10 Things to Know About Newborns

December 14, 2022 Infant

Your newborn is like a friend you’ve been talking to on the phone for months, but are meeting in person for the first time! Here are some tips to help you get to know each other and strengthen your bond.

Tip #1

Your baby will probably not sleep through the night. It takes babies 4-6 weeks before they start sleeping for 4 to 5 hours at a time. Don’t get discouraged if your baby is still not sleeping through the night after a couple of months. Just remember…

Tip #2

Babies change very quickly. Your newborn will go through many stages of development in their first 12 months of life. While they may not be sleeping through the night right now, they will soon be sleeping longer. Keep this in mind after a few sleepless nights — this stage will not last forever! 

Tip #3

Chest/Breastfeeding takes time to learn. While chest/breastfeeding is a natural process, it takes time for both mom and baby to learn how. Again, be patient with yourself and your baby. Get help from a lactation consultant, WIC peer counselor or friends and family members with experience.

Tip #4

Chest/Breastfeeding may be different for every baby. If this isn’t your first baby, you may find that you are having new challenges with nursing. Realize that every baby is different, and while you are more experienced, your new baby still needs time to learn how to feed. Having new challenges does not mean you should give up!

Tip #5

It takes time to get to know your baby. Crying is the only way your newborn has to tell you if they are hungry, tired or needs a diaper change. Soon you will learn your baby’s cues and that different cries mean different things.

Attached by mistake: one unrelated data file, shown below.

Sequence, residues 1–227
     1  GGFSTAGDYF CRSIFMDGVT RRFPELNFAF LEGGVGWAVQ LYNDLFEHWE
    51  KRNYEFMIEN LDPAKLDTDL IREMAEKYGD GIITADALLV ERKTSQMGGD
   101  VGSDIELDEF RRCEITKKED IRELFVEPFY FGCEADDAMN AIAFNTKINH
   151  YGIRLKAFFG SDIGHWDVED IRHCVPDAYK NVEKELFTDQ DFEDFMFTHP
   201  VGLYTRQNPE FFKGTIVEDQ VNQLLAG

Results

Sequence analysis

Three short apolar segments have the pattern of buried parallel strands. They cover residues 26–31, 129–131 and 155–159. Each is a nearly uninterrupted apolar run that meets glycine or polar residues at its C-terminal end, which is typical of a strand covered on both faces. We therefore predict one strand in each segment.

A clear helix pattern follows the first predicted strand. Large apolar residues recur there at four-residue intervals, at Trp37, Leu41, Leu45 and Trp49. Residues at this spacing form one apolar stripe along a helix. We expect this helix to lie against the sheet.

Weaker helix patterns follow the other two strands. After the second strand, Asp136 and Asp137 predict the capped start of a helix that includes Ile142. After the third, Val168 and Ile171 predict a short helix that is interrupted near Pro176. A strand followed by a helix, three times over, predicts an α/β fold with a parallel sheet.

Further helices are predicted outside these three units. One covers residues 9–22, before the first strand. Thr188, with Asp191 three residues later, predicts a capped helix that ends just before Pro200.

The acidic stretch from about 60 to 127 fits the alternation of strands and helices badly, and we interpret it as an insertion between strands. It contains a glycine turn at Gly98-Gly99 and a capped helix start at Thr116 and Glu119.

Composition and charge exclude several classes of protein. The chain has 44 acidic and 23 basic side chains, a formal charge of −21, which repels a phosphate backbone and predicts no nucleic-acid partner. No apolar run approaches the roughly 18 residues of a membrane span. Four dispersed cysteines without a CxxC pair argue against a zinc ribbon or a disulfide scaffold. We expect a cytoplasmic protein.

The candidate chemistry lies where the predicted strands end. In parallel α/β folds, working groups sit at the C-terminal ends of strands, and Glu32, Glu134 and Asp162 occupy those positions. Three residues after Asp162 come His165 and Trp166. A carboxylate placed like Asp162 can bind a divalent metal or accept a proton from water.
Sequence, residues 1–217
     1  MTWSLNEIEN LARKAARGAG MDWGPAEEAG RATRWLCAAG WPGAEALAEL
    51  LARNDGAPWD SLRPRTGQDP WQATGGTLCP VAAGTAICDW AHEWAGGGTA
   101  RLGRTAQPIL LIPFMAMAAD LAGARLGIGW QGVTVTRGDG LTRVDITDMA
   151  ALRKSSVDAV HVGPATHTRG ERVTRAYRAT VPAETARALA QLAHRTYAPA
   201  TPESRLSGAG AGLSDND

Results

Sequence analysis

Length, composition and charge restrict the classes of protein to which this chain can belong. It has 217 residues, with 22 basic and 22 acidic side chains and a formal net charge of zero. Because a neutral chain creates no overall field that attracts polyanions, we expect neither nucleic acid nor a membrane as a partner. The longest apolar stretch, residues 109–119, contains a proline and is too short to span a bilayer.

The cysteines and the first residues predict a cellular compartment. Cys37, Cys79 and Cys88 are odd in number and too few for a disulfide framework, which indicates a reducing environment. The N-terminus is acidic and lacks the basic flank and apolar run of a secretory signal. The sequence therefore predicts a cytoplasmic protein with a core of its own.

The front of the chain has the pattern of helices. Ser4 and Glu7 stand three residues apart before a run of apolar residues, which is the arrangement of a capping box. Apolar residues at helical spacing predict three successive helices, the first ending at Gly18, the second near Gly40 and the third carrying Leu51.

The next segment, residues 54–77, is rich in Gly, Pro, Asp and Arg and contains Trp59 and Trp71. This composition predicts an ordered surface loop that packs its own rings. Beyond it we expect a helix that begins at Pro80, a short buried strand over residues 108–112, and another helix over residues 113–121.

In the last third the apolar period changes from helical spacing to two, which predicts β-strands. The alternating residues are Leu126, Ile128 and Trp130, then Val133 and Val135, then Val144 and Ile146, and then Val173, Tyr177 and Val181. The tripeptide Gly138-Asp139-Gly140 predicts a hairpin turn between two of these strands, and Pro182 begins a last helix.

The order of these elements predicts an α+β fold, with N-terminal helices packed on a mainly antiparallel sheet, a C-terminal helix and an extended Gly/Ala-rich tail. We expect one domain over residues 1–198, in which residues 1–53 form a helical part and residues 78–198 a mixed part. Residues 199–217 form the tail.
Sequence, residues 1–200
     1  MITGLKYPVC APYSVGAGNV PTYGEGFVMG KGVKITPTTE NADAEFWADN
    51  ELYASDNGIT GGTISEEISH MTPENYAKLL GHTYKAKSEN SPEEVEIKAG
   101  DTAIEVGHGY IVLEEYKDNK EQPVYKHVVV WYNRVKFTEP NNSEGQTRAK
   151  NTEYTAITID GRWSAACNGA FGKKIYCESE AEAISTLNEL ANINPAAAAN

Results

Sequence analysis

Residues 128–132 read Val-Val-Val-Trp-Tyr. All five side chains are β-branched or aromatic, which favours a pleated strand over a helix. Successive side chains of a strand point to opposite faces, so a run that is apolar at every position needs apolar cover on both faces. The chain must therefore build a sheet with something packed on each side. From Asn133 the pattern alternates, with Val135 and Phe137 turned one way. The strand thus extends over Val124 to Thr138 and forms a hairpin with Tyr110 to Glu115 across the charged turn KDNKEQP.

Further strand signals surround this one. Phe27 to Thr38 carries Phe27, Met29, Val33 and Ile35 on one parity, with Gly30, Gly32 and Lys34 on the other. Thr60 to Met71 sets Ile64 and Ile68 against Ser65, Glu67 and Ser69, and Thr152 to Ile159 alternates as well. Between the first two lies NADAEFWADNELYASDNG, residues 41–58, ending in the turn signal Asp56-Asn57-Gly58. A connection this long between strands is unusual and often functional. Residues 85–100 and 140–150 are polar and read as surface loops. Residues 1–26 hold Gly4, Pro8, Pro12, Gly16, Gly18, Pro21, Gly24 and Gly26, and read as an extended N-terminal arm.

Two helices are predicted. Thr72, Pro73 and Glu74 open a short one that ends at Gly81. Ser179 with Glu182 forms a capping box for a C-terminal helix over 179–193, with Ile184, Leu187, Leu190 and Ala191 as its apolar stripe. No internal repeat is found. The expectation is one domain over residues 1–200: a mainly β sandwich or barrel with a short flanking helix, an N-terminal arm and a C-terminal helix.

Tip #6

An outing with your baby is a good idea. Getting out of the house and into fresh air for a walk around the block will lift your mood. Babies love to nap in their strollers, and you may soon find that your walks are one of the best parts of your day. Just be sure that your baby is dressed warmly, including a hat, for cold days, or is well-covered from the sun on warm days.

Tip #7

Your baby will let you know when they are full and done eating. When you are feeding your baby, you may worry if they are eating enough…or too much. A baby won’t overeat unless they are encouraged to and will turn their head away from the nipple when they are full. Look for this cue when feeding your baby, and you won’t have to worry about overfeeding.

Tip #8

Your baby may not have “baby smooth” skin. When babies are first born, they tend to have dry, flaky skin. This is normal and there’s no need to worry. If you choose to use lotion, make sure it is fragrance-free. The dry skin should be gone within a few weeks.

Tip #9

They may not smile back at you for several weeks. Remember, it takes time for babies to develop and mature. Your baby will start to smile back at you around 8 weeks. In the meantime, know that your baby does love you!

Tip #10